On 4 April 2016 the Supreme Court decided that it is not permitted to transfer photos of art in public places to an open and cost-free database on the Internet without the copyright holders’ permission.
WHAT HAS HAPPENED?
Wikimedia Sweden (“Wikimedia”) is a non-profit organisation which, among other things, has a database and website, www.offentligkonst.se, containing photos of artworks in public places. According to Wikimedia, the purpose of the database and website is to provide an open and cost-free database of public artworks in Sweden which can be used by the public, educational system and tourist industry. It is also the public which provides photos for the database by uploading photographs of public art.
The Visual Copyright Society in Sweden (“VCS”) is an organisation in Sweden which represents sculptors and other creators of artworks. VCS sued Wikimedia for infringement of the creator’s sole right to transfer photos of artworks to the public. Wikimedia objected that it entails a permitted use of the photos, particularly taking into account that the works were located on or at a public place outdoors. Section 24 of the Swedish Copyright Act (sw. Lag (1960:729) om upphovsrätt till litterära och konstnärliga verk), which involves a restriction of the copyright protection, namely states that artworks may be reproduced in pictorial form, i.e. photographed, if they are permanently located outdoors on, or at, a public place. However, VCS claimed that the concept ‘depict’ does not include the photograph being added to a website and therefore Wikimedia should have sought the copyright holders’ permission.
THE COURT’S VERDICT
The Supreme Court clarifies that it is permitted to take photographs of public art and disseminate non-digital images to a limited degree. However, according to the Supreme Court this does not mean that there is a freedom to upload photographs online and thereby make photos of the artworks available to the public to an unlimited degree. It neither makes any difference for what purpose, commercial or non-commercial, this takes place. The Supreme Court also alleges that a digital database with photos of public art may entail a commercial value which should accrue to the creator of the artwork. Thus, in the light of this reasoning the Supreme Court was of the opinion that Wikimedia was not entitled to disseminate the artworks through its website without permission of the creators of the artworks.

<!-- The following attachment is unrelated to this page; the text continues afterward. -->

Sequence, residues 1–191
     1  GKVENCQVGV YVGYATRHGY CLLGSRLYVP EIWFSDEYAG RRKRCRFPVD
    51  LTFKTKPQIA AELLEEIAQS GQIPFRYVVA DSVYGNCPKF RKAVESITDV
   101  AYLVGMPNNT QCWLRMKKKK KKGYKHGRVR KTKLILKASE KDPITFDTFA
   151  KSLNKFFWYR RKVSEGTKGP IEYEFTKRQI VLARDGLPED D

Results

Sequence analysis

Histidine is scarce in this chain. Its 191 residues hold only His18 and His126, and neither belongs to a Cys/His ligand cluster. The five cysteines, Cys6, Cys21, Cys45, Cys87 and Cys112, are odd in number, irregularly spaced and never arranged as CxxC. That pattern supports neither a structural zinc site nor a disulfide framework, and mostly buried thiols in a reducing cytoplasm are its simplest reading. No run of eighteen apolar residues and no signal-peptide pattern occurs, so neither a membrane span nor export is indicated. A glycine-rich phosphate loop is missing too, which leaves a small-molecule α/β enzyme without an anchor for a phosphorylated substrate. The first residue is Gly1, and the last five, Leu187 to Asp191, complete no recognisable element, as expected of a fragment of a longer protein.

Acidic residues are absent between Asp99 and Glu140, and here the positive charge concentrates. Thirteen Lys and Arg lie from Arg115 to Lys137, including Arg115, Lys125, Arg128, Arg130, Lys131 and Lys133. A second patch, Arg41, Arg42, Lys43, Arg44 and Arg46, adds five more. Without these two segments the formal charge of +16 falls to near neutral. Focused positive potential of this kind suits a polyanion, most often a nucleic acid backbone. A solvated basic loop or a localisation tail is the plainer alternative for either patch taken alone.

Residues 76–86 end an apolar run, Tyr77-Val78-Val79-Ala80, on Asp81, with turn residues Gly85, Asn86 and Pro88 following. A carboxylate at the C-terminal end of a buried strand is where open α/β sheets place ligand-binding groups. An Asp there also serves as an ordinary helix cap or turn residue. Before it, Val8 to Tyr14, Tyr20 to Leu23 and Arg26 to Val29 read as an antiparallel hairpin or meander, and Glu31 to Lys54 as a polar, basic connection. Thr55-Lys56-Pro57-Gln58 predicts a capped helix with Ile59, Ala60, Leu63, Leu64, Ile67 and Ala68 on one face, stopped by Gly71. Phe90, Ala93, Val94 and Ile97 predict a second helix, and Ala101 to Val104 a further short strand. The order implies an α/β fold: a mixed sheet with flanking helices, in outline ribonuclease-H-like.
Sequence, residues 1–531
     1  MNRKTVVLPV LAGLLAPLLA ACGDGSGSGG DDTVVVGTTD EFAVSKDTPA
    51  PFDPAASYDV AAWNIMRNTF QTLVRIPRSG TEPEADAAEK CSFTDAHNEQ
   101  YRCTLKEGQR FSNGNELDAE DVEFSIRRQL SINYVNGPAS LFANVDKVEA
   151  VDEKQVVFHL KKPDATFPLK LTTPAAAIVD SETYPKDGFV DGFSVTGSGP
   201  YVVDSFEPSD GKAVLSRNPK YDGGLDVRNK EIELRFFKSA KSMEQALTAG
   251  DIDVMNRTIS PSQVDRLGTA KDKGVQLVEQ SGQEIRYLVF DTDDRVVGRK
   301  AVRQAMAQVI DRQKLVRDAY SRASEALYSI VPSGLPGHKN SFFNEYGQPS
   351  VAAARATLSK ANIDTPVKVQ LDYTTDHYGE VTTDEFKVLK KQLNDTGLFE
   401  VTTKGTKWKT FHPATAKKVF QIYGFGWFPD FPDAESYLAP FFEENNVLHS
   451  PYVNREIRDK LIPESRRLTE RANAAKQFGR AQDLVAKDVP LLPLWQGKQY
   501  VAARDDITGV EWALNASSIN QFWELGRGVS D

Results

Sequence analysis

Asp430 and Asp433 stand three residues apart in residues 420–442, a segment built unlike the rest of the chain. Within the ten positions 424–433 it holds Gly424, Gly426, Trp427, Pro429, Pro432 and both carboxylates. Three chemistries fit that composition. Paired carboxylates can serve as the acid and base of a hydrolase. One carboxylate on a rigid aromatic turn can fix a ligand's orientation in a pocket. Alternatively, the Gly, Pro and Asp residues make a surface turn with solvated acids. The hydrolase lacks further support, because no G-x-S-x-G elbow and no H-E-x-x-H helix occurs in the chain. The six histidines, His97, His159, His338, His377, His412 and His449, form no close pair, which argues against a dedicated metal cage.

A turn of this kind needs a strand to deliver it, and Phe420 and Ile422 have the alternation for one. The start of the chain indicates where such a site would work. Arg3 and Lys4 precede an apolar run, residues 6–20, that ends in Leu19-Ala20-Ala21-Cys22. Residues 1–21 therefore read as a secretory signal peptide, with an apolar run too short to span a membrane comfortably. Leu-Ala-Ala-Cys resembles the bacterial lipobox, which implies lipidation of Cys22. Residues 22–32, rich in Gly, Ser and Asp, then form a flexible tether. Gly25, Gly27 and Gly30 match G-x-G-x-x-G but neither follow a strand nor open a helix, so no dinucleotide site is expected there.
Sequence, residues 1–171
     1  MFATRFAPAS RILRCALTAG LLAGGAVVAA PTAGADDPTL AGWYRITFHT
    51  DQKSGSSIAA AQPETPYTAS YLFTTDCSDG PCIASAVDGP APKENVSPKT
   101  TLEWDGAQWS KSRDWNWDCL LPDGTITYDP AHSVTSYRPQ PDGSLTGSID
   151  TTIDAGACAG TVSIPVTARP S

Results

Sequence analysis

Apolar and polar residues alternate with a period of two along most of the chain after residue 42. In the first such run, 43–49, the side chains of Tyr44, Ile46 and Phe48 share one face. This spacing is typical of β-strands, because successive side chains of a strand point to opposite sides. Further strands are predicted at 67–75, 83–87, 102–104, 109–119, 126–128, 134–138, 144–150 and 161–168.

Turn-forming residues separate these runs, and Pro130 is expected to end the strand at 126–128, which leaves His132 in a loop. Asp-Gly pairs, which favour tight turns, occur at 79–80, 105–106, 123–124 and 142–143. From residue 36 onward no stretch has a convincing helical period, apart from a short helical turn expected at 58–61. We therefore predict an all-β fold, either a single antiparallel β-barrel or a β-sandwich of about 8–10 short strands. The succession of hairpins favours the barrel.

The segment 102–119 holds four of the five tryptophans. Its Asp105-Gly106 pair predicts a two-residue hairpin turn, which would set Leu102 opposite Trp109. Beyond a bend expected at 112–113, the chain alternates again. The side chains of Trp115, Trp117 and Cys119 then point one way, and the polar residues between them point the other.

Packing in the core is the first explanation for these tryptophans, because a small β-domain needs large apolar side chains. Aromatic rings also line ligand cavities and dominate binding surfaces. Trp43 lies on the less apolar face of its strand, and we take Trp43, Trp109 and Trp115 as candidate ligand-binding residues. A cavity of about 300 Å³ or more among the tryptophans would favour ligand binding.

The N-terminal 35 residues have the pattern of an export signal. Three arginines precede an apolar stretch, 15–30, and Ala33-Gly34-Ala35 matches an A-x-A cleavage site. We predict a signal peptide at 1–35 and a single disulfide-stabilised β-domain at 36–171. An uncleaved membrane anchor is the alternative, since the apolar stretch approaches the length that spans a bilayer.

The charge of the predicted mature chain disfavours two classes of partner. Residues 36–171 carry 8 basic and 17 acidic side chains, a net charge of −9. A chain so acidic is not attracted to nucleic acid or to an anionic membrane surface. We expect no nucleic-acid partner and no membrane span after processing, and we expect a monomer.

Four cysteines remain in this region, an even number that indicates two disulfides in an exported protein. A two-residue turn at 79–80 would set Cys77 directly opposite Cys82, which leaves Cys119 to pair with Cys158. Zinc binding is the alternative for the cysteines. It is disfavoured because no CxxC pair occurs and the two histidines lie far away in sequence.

So far we can only speculate what the consequences of the Supreme Court’s decision will be. However, one conclusion can be drawn. The Supreme Court distinguishes between the current and the past practice of utilising public art. In the past it was permitted, from a copyright perspective, to utilise photos of public art through postcards. The argument for this has been that the utilization of the postcards did not pose a large restriction of the copyright holders’ sole right. In terms of digital utilisation, the Supreme Court now appears to claim that the matter should be assessed differently. Accordingly, there is a risk that a business model which sends or stores electronic postcards with themes of public art may be considered as being unlawful, irrespective of the commercial purpose. In addition to this, it can be questioned how the Supreme Court would assess all the photos of public art which are uploaded on Instagram or Facebook. Particularly taking into account that a photo uploaded through social networks hardly constitutes a limited dissemination but rather an enormous dissemination which may – if it is coordinated – entail a significant value. However, at present it appears as though the coordination is decisive. Individuals or companies, who occasionally upload a photo of public art on social media will probably not be considered as breaching the Copyright Act. But, it is safe to presume that the discussion on these issues has not yet come to an end.
Stockholm City Court: T 8448-14.
Supreme Court: case no. Ö 849-15, NJA 2016 p. 212.
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